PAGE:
To move on :
Valuation is only one side of the coin in terms of building your investment thesis, and it shouldn’t be the only metric you look at when researching a business. DCF models are not the alpha and omega of investment valuation. Preferably, you would apply different cases and assumptions and see their impact on the valuation of the business. For example, changes in the company’s cost of equity or the risk-free rate can have a significant impact on valuation. For Portland General Electric, you need to assess three essential aspects:
- Risks: Consider, for example, the ever-present specter of investment risk. We have identified 3 warning signs with Portland General Electric (at least 1 which makes us a little uncomfortable), and understanding them should be part of your investment process.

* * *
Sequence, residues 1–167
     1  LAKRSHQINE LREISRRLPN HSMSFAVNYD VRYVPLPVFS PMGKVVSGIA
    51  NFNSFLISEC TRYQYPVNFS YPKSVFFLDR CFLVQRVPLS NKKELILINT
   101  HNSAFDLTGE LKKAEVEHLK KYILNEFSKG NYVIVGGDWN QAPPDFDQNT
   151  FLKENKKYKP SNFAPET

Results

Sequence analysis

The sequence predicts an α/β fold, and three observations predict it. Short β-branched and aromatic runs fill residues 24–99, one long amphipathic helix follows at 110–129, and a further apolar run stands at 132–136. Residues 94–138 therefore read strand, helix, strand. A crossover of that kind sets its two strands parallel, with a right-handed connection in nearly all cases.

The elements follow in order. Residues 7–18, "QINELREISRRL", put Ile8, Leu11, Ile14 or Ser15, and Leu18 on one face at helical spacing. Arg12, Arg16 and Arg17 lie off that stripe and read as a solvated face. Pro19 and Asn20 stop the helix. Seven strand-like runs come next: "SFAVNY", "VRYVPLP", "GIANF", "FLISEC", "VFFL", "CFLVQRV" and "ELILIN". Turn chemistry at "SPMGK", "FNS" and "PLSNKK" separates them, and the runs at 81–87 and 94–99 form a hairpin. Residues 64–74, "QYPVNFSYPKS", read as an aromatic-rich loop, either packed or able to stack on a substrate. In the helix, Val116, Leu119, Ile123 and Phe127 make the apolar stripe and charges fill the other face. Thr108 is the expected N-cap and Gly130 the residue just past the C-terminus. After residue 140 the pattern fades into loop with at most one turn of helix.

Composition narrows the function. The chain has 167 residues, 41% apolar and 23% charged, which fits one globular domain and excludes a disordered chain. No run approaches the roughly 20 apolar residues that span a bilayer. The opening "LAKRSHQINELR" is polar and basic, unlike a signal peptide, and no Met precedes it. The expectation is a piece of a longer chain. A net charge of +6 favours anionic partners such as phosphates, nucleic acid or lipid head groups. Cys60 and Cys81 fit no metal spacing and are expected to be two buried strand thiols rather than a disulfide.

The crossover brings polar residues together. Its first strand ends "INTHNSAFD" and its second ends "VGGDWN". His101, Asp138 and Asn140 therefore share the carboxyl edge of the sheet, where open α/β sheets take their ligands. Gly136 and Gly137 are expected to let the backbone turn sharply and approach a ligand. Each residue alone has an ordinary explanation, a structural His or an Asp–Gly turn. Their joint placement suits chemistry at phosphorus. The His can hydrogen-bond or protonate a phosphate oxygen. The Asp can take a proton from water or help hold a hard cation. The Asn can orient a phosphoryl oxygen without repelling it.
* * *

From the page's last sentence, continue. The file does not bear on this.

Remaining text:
- Management: Have insiders increased their stocks to take advantage of market sentiment about POR’s future prospects? Check out our management and board analysis with information on CEO compensation and governance factors.
- Other high quality alternatives: Do you like a good all-rounder? Explore our interactive list of high-quality stocks to get a feel for what you might be missing!
PS. Simply Wall St updates its DCF calculation for every US stock every day, so if you want to find the intrinsic value of any other stock just search here.
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This Simply Wall St article is general in nature. We provide commentary based on historical data and analyst forecasts using only unbiased methodology and our articles are not intended to be financial advice. It does not constitute a recommendation to buy or sell shares and does not take into account your goals or your financial situation. Our aim is to bring you long-term, targeted analysis based on fundamental data. Note that our analysis may not take into account the latest announcements from price sensitive companies or qualitative documents. Simply Wall St has no position in the mentioned stocks.